10 May 2013
[McKeown]'s spare, abstract-looking paintings of the early morning light were direct responses to the dawn at Lismore. The thin dark borders that frame the radiant centres of his compositions were derived from the windows that framed his view of the sky. The succession of individual cells in the convent also led to the development of another feature of his work: the rooms within rooms he used in several gallery installations.
In 2004 he returned to the convent when he was invited to show at the Northern Ireland Pavilion in the Venice Biennale. Setting up a canvas in each cell, he moved from room to room, tracking and painting the light from the beginning of dawn. The watercolours and acrylics on view at St Carthage were all painted at Lismore, and one painting has never been previously exhibited. It’s a fitting tribute.
Art: William McKeown
12 May 2013
When he participated in the Hugh Lane Gallery’s Golden Bough exhibition series in 2011, the late William McKeown wrote that he had been fascinated since childhood by “the buoyant liminal space between earth and heaven”. For him, this included the idea of a daily transition from dark into light.
The paintings in this show depict morning sky. His three Hope Drawings in pale watercolour dissolve from blue to orange or smoky grey to yellow. He painted them so it is impossible to identify where one colour ends and the other begins. The slow change in the rich blue of Forever Painting #3 is less a fading towards the end of the canvas than an intensification of a kind of implied translucency. A buttercup rendered in coloured pencil completes what is an intimate, understated exhibition.
Interesting Inverleith and beautiful botanics
One of the current exhibitions, William McKeown (1962–2011) (until 8 July) celebrates the work of the Tyrone-born artist who was based in Edinburgh at the time of his early death. His deceptively simple paintings positively glow across the rooms, minimalist studies in light, luminosity, and gradations of colour and tone. Much of his work comprised an investigation into how to see and feel air and light, and the relationship between art and nature. Some of the works are almost monochrome, delicate and deep, near and distant. They repay unhurried contemplation.
William McKeown: A Room
A few telling, gentle incongruities surround the practice of Tyrone-born painter William McKeown, who died earlier this year and to whose art this current small show at Kerlin is, more than an exhibition would usually be, a kind of testament. From the outset, there was always something contra-modern about the artist’s work, despite the evidence of his dedication to minimalist abstracts. It was always possible to read his work as rooted in post-1950s painting theory, but the paintings maintained an ability to resist this every bit as consistently as they avoided explicit references to the conflicts of the artist’s homeland.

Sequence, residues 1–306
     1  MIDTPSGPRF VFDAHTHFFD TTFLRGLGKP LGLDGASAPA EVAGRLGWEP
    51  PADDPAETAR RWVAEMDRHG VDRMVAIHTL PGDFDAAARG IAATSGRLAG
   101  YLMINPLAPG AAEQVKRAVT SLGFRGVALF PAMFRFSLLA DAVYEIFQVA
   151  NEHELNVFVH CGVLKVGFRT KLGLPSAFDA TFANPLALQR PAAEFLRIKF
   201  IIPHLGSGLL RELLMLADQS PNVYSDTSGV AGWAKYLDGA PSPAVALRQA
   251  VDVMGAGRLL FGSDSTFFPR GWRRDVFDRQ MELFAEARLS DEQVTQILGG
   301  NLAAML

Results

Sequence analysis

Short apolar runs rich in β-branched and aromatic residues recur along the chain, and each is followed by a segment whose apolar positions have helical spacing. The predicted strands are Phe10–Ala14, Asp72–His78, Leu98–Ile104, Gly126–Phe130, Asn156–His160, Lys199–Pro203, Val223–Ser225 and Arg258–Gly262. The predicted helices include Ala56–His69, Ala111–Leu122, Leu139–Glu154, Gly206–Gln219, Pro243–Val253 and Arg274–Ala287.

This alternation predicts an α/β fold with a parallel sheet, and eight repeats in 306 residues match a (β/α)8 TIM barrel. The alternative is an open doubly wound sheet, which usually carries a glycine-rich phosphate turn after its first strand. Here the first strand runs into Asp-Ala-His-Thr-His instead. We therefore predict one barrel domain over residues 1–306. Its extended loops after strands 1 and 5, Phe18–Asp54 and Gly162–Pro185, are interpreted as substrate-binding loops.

Luke ClancyVisit Website
This week’s new exhibitions: William McKeown
24 March 2012
William McKeown has been sorely missed since his untimely death late last year. Here was an artist who reminded many of us of why we got into art in the first place: the pure thrill of opening one's first box of paints, the wide-eyed amazement at seeing an expanse of abstract colour taken so seriously in a gallery. His paintings, building up sensitivity from layers of resonant colour, are almost painfully uncomplicated. McKeown charms us into just looking, but it's an illuminating kind of looking. In his own words: "There are two types of art – open and closed. All closed art is negative and anti-life. Art which is open is … expanding, positive and life-enhancing."
Felix Gonzalez-Torres & William McKeown @ MIMA
William McKeown’s first contribution, The Dayroom, is an approximation of a hospital or residential living or waiting room, in which, according to the wall text, one might receive pleasing or devastating news. Constructed cheaply and sparely in wood and board, the simple, cubed space appears to make reference not only to commonplace social pressures (and the architecture that contains them) but also specifically to Krauss’ treatment of the grid, mentioned earlier. Looking through the makeshift room’s only window, a modestly sized blue-grey and yellow grid painting is visible directly in one’s line of sight. This viewing position brings to mind the symbolist window, with its desirous, metaphysical implications. Yet, like the painted grid’s materialist mapping of the canvas surface, the rough plasterboard and two-by-four supporting the window brings the viewing experience back down to earth all too soon.